The Unreal Development Kit

I've returned. I promise no rigorous schedule, but I've been getting some encouragement to start back up, so I figure I'll post as ideas come up.

Today's post regards last week's excellent announcement from Epic about their Unreal Development Kit, which has surpassed 50,000 downloads in its first week of release and already has updates on the way. Whether this release was in reaction to Unity releasing their cross-platform game engine (formerly $199 per license) for free to indie developers or if that's just a matter of coincidence, the end result is that there are now 2 well-known game engines available to you so that you can do whatever your heart desires! (Rock, Paper, Shotgun raised a really interesting question: Instead of larger-scale mods, will we now be seeing more indie games released? I highly recommend the article. My guess would be that both will find their places; the major Total Conversions will move to being indie releases so they're not bound to the owners of a certain game, and the mods will shift back toward expansions/extensions of the parent's gameplay or story.)

My initial thought when I read about the UDK was that it was basically like giving everyone free licenses. Obviously that's not exactly true; the main differences between this and a license are 1) no tech support from Epic, and 2) no diddling the engine source code. However, it IS the latest possible version of UE3, so all the Lightmass technology and everything else that hasn't come out in a commercial product yet is in here. To quote one of Epic's employees from the BeyondUnreal announcement, "Man, one thing I hope you guys realize is that this is almost EXACTLY the engine build that we're using here at Epic! You get every single feature that we've been using here that aren't even in any games yet! We only got some of these features last week!"

The Lightmass technology really is beautiful. Included with the UDK is a trimmed-down version of UT3 featuring several levels overhauled with the new technology. I had to fire it up and make the comparison for myself, so following are screenshots from the 2 different DM levels. Feel free to click for the full-res versions, but be warned: they are huge.






One thing to note here is the dynamic shadows cast on the gun from the wires that you can see between the towers in the previous screenshot. I'm sure it's not the id Tech 4 level of unified lighting and shadows, but it's still a really nice touch.



I did notice this static, character-shaped shadow that you get now. It's in no way linked to your character geometry; when you move, that refrigerator box shadow just slides around. I assume this is a problem introduced with Lightmass, or at least the way they implemented it here.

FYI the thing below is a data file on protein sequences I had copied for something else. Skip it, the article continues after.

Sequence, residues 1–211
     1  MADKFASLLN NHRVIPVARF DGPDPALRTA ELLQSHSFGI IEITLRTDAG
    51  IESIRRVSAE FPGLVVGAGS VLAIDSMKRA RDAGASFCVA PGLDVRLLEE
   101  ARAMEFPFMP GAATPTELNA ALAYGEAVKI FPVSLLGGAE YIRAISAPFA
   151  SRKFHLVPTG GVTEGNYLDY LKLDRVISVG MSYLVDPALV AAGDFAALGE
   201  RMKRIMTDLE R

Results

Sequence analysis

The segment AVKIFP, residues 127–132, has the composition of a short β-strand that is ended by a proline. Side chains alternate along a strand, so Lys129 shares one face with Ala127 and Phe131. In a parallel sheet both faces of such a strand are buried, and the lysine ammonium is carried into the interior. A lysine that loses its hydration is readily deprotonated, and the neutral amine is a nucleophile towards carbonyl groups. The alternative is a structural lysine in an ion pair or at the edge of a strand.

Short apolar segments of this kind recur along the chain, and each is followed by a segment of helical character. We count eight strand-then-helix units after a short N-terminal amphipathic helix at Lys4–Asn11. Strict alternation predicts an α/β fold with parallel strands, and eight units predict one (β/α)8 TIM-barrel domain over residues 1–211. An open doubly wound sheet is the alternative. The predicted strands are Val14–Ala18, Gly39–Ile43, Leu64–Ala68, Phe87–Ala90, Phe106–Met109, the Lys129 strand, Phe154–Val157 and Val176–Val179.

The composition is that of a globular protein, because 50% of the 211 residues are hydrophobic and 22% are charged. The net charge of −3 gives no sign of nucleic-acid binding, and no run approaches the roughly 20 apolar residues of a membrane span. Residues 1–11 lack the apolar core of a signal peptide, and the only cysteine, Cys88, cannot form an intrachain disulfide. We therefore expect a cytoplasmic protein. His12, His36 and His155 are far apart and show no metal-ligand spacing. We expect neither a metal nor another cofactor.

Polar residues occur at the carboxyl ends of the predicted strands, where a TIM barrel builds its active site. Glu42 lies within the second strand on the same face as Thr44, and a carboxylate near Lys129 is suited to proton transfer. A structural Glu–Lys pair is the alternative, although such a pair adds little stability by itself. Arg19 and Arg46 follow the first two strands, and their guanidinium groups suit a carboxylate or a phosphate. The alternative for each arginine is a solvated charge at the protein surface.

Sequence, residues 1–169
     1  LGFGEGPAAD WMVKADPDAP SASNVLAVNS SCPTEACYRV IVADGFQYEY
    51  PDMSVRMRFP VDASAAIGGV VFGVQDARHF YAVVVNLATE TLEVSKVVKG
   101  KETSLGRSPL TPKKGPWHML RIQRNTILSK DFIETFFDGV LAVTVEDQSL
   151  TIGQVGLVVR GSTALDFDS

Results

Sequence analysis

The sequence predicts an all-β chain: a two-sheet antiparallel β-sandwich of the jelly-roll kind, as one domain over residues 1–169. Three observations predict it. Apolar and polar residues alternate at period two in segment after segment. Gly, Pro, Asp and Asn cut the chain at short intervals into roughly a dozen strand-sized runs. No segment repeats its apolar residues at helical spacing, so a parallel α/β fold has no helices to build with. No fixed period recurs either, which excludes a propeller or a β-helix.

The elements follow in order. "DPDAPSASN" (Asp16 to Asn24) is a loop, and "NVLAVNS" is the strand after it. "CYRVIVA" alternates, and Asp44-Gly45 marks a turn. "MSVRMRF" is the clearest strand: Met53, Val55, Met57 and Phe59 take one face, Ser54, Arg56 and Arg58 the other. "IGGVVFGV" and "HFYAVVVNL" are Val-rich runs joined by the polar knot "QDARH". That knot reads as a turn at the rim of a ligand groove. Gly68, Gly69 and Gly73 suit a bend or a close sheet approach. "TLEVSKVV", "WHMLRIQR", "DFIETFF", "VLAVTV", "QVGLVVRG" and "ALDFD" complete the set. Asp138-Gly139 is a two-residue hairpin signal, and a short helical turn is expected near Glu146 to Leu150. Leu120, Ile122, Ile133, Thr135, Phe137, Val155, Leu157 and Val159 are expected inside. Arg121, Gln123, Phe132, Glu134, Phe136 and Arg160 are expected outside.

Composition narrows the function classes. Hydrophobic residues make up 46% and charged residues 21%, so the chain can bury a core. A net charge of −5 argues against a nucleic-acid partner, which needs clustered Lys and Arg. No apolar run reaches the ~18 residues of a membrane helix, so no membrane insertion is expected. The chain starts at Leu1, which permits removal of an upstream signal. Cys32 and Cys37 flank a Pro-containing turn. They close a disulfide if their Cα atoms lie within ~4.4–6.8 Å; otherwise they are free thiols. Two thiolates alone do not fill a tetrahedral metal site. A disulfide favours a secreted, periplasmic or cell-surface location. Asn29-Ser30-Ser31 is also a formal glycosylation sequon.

As far as launching your indie studio with this awesome free tech, here's how the pricing works: If you want to sell a game that you make with the UDK, you're all free and clear up until your first $5,000. After that, 25% of your revenue goes to Epic. Seems harsh, but still a lot better than whatever millions they're asking for a license these days. Here's their useful summary of their technology tithe demands:

I also really enjoyed reading the development walkthrough of how Psyonix Studios made Whizzle, a very small and beautifully-done 2D game made in a month from scratch by 1 artist and 1 programmer. Reading the walkthrough and then seeing how it came to life by watching their promo movie/developer diary was very cool.

The first full-length mod project to be released thanks to the UDK is Prometheus. It's a single-player time manipulation game where you use copies of yourself in different times to work your way through the levels. "Braid" meets "Portal" would be the easiest way to paint it in broad strok
es, though it's more like the Flash game Chronotron than Braid. The project was created and spearheaded by Rachel "Angel_Mapper" Cordone, who has been one of my favorite Unreal community luminaries since I played through her Aeryopolis level in Spatial Fear. I played Prometheus back when it was version 2.1, and I highly recommend it. (Versions 3 and 4 are the same thing, except 4 is the UDK release and 3 is the mod version for UT3.)

If you want to get started using the UDK to make your own games, Unreal rock star Hourences has released several tutorials for the new technologies, as well as a massive walkthrough of how to get the file paths and assets set up correctly for your new project.

Hourences' mod project The Ball also got a UDK release, although it's more of a string of puzzles than a real part of the series. The Ball did, however, get its final mod release yesterday, but that's still not the end of the story! The real end to the game will come in the standalone commercial release next year, along with revamped gameplay, levels, and cutscenes (so pretty much everything). Prometheus is also becoming a commercial product next year, so the professional indie/modding community looks like it's off to a healthy start!


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